A nationally known pharmacology expert testified Tuesday that the prescription painkiller Vioxx can cause blood clots like the one that led to the death of a Florida seafood salesman four years ago.
Further, scientists and officials from drug maker Merck either intentionally ignored or were oblivious to that risk, said Benedict Lucchesi, a professor at the University of Michigan and an expert in drug management of heart disease.
Lucchesi was the first witness in the nation’s first federal Vioxx trial. Although U.S. District Judge Eldon Fallon of New Orleans is presiding over the case, it is being held in Houston because of damage Hurricane Katrina caused to the courthouse there.
“I believe that Vioxx can produce blood clots,” Lucchesi said. “I believe that Merck either was aware or should have been aware that this potential existed.”
He said that research indicating that potential had been available for decades and was well known in scientific communities.
Earlier Tuesday, Fallon impaneled four women and two men, as well as three male alternates, to serve on the jury. He has told the lawyers in the case that he intends to wrap up testimony within two weeks.
Jurors are trying to determine if Merck should be held liable in the death of 53-year-old Richard “Dicky” Irvin, who died at work in May 2001 after taking Vioxx for 22 days for back pain.
His widow, Evelyn Irvin Plunkett, is seeking unspecified damages against the drug giant, which pulled Vioxx from the market in September 2004 after a study showed that it doubled the risk of heart attacks and strokes in patients who took it for 18 months or longer.
During an hour long opening statement, Plunkett attorney Andy Birchfield told the jury that Merck downplayed years of studies that showed Vioxx was linked to heart attacks because it was in a hurry to get the drug on the market before competitor Pfizer won approval of its similar drug, Celebrex.
“Merck was in a race to beat Celebrex to the market,” Birchfield said in a courtroom full of attorneys and onlookers.
“They calculated how much more money they would make by being first to the market instead of second. And it was a lot of money.
“Merck pushed one of its drugs to market even though there were serious concerns about heart attacks.”
“We’re going to show you in Merck’s documents how they discussed this problem.”
Merck lawyer Phil Beck told the Houston panel during his opening statement that the company acted responsibly by pulling Vioxx from the market after learning of the serious heart risks.
Further, the U.S. Food and Drug Administration had been made fully aware of all of the Vioxx studies, Beck said, and not only approved sales of the drug but also continued to approve sales for additional uses up until it was withdrawn.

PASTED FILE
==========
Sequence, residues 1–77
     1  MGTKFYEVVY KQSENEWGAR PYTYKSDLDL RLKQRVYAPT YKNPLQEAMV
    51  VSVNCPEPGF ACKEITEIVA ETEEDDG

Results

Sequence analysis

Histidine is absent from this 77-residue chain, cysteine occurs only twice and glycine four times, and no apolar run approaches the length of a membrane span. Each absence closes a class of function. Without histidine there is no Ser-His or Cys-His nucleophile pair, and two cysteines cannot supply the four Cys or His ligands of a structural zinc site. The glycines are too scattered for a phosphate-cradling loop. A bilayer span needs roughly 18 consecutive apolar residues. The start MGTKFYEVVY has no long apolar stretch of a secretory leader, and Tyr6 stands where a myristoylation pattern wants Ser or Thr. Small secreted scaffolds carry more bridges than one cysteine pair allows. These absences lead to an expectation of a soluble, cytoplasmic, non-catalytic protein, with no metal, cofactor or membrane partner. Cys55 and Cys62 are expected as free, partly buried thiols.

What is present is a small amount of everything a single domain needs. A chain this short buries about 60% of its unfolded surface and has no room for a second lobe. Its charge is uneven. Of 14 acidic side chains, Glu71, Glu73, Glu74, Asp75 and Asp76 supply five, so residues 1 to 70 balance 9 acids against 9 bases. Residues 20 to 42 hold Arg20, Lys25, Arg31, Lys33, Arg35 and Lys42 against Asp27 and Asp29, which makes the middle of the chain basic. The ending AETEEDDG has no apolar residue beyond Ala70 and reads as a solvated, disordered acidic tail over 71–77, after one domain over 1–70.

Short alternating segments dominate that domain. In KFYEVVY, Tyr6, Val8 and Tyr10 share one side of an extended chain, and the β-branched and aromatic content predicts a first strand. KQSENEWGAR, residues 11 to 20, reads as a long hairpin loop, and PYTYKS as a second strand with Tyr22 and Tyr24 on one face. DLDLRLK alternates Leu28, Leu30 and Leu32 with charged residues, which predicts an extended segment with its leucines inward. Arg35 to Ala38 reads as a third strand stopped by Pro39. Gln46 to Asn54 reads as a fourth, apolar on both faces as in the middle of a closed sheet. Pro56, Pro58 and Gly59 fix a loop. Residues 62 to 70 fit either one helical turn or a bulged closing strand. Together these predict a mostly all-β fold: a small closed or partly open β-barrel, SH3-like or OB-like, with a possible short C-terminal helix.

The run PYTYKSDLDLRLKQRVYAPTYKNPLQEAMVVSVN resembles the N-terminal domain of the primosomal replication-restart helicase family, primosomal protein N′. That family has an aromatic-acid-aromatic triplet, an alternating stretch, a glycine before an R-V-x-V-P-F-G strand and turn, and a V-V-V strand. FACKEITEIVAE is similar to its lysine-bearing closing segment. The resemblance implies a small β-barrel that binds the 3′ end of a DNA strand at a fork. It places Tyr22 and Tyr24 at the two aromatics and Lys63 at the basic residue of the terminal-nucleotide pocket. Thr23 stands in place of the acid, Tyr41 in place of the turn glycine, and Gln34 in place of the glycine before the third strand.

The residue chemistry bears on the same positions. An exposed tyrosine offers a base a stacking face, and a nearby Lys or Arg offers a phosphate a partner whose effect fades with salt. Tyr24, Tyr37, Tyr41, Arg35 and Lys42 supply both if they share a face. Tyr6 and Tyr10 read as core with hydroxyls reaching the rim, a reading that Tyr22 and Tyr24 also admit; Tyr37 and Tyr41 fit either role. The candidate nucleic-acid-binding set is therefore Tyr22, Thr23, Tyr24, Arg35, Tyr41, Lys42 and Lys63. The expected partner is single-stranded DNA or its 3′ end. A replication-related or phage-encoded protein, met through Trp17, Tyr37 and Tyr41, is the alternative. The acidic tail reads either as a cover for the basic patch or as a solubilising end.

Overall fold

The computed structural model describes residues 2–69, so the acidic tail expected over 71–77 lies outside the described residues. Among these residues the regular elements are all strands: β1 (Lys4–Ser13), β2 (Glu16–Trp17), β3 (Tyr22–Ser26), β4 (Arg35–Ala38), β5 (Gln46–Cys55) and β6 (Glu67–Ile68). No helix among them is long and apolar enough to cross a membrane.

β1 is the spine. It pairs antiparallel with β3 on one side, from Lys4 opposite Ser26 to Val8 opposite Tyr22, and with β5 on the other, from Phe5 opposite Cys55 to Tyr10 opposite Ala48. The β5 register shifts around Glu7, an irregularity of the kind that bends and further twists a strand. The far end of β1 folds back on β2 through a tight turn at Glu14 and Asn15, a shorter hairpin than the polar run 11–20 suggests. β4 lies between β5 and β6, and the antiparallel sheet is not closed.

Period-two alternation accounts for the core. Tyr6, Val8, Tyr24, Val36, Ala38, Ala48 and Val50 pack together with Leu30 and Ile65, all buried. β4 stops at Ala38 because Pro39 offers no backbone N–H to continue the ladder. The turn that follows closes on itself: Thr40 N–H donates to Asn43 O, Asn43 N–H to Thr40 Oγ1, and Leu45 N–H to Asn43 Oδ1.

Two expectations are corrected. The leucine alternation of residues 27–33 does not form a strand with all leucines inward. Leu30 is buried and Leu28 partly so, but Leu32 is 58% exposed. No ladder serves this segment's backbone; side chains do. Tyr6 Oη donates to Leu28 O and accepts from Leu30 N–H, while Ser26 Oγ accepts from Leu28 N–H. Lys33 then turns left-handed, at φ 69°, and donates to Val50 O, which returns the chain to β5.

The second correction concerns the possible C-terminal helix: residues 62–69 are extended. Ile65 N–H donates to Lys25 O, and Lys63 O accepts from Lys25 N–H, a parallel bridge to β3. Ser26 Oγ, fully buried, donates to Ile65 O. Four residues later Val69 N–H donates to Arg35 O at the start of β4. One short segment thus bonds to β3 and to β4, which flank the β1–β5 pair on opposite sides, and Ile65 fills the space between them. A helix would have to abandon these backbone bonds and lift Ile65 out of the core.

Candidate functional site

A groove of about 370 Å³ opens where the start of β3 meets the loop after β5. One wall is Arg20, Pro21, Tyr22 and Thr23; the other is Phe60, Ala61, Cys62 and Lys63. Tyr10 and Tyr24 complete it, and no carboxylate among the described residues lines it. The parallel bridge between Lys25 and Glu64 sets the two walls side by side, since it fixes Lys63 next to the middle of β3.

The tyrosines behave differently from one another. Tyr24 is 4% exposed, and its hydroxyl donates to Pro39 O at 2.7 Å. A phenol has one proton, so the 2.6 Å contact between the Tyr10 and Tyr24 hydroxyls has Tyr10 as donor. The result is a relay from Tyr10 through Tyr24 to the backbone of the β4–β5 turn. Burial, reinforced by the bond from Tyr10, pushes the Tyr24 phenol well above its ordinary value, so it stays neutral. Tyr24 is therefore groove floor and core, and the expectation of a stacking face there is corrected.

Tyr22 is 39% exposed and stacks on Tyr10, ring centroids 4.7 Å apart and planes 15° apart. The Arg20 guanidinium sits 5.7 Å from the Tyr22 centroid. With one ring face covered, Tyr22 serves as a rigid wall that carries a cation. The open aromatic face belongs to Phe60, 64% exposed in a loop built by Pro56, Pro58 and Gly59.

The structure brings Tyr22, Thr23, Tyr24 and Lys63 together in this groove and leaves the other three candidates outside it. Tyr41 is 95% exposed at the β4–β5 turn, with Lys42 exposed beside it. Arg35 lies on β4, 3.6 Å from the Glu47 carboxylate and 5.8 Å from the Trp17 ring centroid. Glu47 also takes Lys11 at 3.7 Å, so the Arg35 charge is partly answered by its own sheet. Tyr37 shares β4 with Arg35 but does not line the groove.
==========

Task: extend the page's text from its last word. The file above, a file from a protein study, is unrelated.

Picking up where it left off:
Beck, best known for representing President Bush in the famous hanging-chad ballot case in Florida in 2000, added that it was Irvin’s poor health that led to his death, not Vioxx.
“Vioxx is not what caused Mr. Irvin’s death,” Beck said. “He died from what is the leading cause of death, especially for men his age. He died from clogged arteries.”
The FDA approved Vioxx for sale in 1999. When it was pulled from the market five years later, it accounted for $2.5 billion in annual sales, the company has said.
Birchfield said that even though Irvin’s autopsy showed he had 60 percent blockage in an artery, the former professional Canadian football player was a healthy man who was often physically active as manager of a wholesale seafood store in St. Augustine, Fla.
And he tried to diffuse what likely will be one of Merck’s chief defenses: that Vioxx does not lead to cardiac events in cases of short-term use.
“All of these studies are big studies that show that Vioxx increased the risk of heart attacks,” Birchfield said after giving brief descriptions of several clinical trials conducted by Merck. “It didn’t matter how long you took it.”
He also said he would present evidence of the huge marketing effort employed by Merck to sell Vioxx, include a record 3,500-person sales force and widespread TV and print advertising campaigns.
Further, Birchfield said he would produce materials describing the company’s “dodgeball” training program in which salespeople were allegedly encouraged to avoid doctors’ questions about heart risks.
That testimony elicited some of the strongest reaction in jurors in a Brazoria County state district court, which returned a $253 million verdict against Merck in August. That verdict likely will be reduced to about $26 million under Texas punitive damage caps.
A New Jersey state court, however, cleared Merck in a trial that ended earlier this month.